Cost-Effectiveness Analyses in Orthopaedic Surgery: Raising the Bar

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Excerpt

Rising health-care spending has renewed emphasis on value-based care for institutions and policymakers. As a result, economic evidence increasingly is being considered in the shaping of clinical guidelines and practices1. Cost-effectiveness analysis using decision analytic models is a widely used methodology to establish the value of specific clinical interventions2. Models are informed by data from multiple sources, and are therefore capable of projecting outcomes and costs over longer time frames than the durations of randomized controlled trials (RCTs). Additionally, model-based evaluations can compare multiple interventions in the same analysis.
In 1996, The Journal of the American Medical Association published the recommendations of the First Panel on Cost-Effectiveness in Health and Medicine, which summarized the state of the growing field of cost-effectiveness analysis and provided guidance on the design and conduct of cost-effectiveness analyses3. Over the more than 20 years since those recommendations, there has been a drastic increase in the number of cost-effectiveness studies published in all areas of medicine, including the field of orthopaedic surgery, albeit with variable methodologic rigor4,5. In September 2016, the Second Panel on Cost-Effectiveness in Health and Medicine (the “Second Panel”) updated these recommendations to establish standard analytic and reporting practices, taking into consideration methodologic advancements over the last 2 decades6. The Second Panel’s recommendations focus particularly on standards of model development and reporting, as well as addressing data uncertainty.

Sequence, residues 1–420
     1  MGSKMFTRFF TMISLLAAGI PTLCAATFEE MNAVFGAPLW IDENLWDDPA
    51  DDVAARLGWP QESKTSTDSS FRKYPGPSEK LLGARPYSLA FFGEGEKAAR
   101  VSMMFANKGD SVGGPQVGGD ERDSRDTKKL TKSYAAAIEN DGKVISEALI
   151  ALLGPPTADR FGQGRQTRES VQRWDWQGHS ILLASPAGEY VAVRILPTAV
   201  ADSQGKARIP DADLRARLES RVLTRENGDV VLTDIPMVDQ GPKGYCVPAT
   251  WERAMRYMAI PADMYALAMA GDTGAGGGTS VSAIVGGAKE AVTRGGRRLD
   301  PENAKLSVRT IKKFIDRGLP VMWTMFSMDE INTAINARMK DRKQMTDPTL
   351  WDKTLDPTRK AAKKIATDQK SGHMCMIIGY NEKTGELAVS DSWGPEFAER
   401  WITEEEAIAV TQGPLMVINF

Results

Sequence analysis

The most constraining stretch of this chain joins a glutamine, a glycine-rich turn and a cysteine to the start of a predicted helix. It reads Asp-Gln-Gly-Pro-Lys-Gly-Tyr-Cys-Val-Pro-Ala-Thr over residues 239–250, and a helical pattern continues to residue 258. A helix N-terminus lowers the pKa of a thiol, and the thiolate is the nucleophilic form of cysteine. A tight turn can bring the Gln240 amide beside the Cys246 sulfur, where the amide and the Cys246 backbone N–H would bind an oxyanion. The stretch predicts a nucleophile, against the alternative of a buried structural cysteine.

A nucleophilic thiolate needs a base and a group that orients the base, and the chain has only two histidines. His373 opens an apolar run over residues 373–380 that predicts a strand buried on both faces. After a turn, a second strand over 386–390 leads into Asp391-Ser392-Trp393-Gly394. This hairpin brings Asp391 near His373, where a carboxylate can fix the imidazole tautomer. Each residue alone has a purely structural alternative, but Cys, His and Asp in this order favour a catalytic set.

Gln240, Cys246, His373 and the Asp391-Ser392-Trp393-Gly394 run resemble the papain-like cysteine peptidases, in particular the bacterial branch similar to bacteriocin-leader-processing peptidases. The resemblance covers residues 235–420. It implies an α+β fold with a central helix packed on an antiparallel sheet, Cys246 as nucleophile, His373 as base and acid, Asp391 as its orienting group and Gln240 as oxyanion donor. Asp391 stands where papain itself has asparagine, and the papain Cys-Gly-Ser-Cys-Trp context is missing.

In applying the Second Panel’s recommendations, it is important to note relevant differences between interventions in orthopaedic surgery compared with other areas in medicine. Surgical procedures often occur as discrete episodes of care, associated with high up-front costs, a high likelihood of symptom relief, and low-to-moderate rates of complications. But symptom relief as a result of surgery may have time limits, and the sustainability of such relief may require additional surgeries over time. A good example of such a trajectory is total hip arthroplasty. This is typically a one-time procedure associated with long-term pain relief and functional benefit, a low rate of complications, and some risk of additional surgery, which may increase over time. In such scenarios, lifetime modeling, using knowledge or assumptions about the persistence of benefit over time and symptomatic trajectory among those not undergoing surgery, is critical.
Given the substantial variability in the quality of manuscripts reporting cost-effectiveness analyses in the field of orthopaedic surgery, we sought to help “raise the bar” of such studies by providing a focused reporting checklist for cost-effectiveness analyses in orthopaedic surgery that is consistent with the Second Panel’s recommendations (Table I). We emphasize that the modeling approach should fit the critical details of the clinical or policy question that is being examined. The model’s structure should be consistent with the nature of the clinical problem, and should capture all of the benefits and the adverse events of the treatments under consideration over both the short and long time horizons. A Markov state-transition cohort analysis or Monte Carlo simulation should be used to simulate patient cohorts over time, where the risk of complications or revision varies over time, while decision tree models should be reserved for more simplistic scenarios. The time horizon utilized must be long enough to evaluate all relevant costs and benefits to the patient over his or her lifetime. Model-based evaluations should include the means of internal and external model validation.
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